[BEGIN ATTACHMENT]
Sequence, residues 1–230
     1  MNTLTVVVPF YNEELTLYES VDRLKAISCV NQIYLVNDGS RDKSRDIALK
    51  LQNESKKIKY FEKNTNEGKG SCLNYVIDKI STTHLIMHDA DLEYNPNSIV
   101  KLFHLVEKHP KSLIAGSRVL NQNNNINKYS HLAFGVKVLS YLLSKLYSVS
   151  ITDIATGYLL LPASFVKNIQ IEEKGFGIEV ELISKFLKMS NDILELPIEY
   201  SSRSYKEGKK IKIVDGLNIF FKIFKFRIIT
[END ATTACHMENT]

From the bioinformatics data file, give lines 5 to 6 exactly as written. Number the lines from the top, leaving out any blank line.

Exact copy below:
   151  ITDIATGYLL LPASFVKNIQ IEEKGFGIEV ELISKFLKMS NDILELPIEY
   201  SSRSYKEGKK IKIVDGLNIF FKIFKFRIIT